PALMETTO -- Days before the four-month anniversary of one of the worst shootings in Manatee County, about 500 people gathered at Lincoln Park on Saturday during this year’s first anti-violence rally organized by churches.
“It’s all about stopping the violence,” said the Rev. Willie J. Holley, pastor of Pathways Christian Fellowship.
Palmetto Police Chief Rick Wells said that although other rallies have been held in Palmetto in the past, this rally was more family-oriented.
The sheriff’s office and Palmetto police were also present. Gospel music was played and hotdogs and refreshments were available.
Firefighters from the North River Fire District were also at the event giving out free T-shirts, hats and smoke detectors.
Some church members said they’ve had enough of the violence.
Sylvia Smith said that what bothers her the most is people who know information about violent crimes, but don’t speak up to authorities.
“If you know the truth and you witnessed it, tell it,” she said.
On Sept. 10, gunmen fired at Club Elite at 704 10th St. W., in Palmetto. Two people were killed and 22 others were injured.
No arrests have been made.
But Palmetto police Lt. Scott Tyler said “the case continues to be very active.”
“There continues to be developments, but there’s nothing we want to release in the public,” Tyler said, only adding that detectives recently received information from a Crime Stoppers tip that they are looking into.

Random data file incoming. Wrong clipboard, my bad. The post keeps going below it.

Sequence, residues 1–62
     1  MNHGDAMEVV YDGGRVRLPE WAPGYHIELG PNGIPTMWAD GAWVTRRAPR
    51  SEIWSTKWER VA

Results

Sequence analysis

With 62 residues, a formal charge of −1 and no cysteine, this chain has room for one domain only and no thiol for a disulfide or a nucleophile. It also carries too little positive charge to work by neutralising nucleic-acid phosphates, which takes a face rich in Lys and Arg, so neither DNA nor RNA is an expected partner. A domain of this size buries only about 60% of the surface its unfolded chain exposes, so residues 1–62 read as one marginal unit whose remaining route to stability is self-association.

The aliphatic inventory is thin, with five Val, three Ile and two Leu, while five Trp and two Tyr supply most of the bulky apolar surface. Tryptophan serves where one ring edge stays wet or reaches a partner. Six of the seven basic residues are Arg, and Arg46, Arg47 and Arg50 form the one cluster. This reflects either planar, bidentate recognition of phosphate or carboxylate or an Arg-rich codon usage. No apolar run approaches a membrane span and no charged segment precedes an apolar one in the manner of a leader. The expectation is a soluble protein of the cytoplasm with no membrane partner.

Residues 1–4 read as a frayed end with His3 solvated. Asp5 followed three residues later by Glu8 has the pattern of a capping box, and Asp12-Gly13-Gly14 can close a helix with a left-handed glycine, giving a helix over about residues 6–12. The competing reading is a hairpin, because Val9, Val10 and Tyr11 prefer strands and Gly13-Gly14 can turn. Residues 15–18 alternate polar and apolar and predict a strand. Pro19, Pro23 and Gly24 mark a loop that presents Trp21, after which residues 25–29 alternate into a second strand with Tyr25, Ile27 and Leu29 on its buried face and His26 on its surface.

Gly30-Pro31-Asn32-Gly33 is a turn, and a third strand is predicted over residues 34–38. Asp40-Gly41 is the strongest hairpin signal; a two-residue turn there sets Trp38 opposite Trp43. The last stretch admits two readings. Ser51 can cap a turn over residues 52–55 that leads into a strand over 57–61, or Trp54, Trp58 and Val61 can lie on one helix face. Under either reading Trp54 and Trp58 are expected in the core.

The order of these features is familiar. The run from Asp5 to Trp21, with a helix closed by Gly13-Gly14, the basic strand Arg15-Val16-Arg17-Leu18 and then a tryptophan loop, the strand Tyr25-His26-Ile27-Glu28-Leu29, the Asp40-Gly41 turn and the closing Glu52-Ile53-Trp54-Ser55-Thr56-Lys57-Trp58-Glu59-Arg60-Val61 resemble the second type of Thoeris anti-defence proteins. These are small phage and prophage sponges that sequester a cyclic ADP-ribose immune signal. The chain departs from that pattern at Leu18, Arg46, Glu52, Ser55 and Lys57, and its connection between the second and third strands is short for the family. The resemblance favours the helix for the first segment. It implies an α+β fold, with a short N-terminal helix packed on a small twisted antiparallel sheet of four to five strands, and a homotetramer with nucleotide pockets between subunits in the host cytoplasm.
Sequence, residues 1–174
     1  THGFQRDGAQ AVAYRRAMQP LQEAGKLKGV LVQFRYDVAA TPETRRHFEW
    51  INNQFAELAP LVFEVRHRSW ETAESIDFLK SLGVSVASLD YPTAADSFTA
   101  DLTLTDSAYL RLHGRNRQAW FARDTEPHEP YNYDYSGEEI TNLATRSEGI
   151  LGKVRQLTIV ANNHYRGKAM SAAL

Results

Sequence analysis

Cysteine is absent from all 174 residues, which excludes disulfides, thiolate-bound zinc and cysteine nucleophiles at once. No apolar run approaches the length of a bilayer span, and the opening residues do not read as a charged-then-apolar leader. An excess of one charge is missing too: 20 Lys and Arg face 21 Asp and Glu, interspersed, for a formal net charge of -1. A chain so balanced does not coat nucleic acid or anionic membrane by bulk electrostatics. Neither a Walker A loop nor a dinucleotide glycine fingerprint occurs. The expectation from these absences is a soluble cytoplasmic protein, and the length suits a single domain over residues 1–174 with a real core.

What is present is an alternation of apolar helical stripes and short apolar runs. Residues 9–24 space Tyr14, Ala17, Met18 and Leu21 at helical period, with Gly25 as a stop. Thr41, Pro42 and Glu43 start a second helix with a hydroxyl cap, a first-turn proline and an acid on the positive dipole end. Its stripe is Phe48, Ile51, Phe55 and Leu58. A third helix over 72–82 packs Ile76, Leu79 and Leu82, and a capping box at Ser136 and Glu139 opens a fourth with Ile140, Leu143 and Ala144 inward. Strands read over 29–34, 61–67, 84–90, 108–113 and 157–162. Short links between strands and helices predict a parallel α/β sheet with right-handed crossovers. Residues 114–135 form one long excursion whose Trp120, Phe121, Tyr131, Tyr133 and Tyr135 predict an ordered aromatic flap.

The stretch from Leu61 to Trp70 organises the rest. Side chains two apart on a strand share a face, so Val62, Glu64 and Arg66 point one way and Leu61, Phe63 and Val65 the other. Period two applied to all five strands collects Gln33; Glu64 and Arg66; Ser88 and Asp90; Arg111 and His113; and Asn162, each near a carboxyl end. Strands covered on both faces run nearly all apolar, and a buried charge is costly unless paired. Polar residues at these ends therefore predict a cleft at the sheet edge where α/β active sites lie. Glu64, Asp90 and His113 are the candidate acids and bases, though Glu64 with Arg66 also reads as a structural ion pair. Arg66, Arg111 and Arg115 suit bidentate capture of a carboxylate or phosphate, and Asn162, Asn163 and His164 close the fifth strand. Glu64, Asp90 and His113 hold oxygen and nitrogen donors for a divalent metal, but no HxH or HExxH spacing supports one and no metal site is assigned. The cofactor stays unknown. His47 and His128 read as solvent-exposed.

Palmetto police also submitted evidence to the Florida Department of Law Enforcement right after the shooting. They are waiting for results.
In December, Tyler said $100 had been donated to the award money available for information in the Club Elite shooting. The grand total is now $21,100.
“I know the community is frustrated,” Tyler said, adding that the department wants the investigation to be “as thorough as it can possibly be.”
Smith knows first-hand the damage that the Club Elite shooting has caused to the community. She said she is friends with the niece of Gwenette Matthews, 38, of Bradenton. Matthews was killed during the shooting.
“We were all affected by that,” Smith said. “The police only have so much they can do if they don’t have information.”
Carmen Shorey and Smith said they were at the Martin Luther King Jr. celebration last year when shots were fired. During that incident, two people were injured.
Both women took cover under Shorey’s truck. “I could have gotten shot,” Shorey said.
Shorey said she is the cousin of one of the injured Club Elite victims, who has undergone two surgeries to repair her intestine and is still recovering.
Pastor Cory Brinson of the Spiritual House of Praise Ministries said the rally served to “bridge the gap” between law enforcement and residents with the hopes that people will come forward if they have information on a violent crime.
“It’s to bring us all together so that we can be one nucleus,” Brinson said.
Brinson said the Manatee Minister’s Anti-Violence Task Force organized the rally. The task force was launched after the Club Elite shooting. Since then, it has spearheaded several events in the community.
“The Club Elite incident is really what parachuted us,” Brinson said.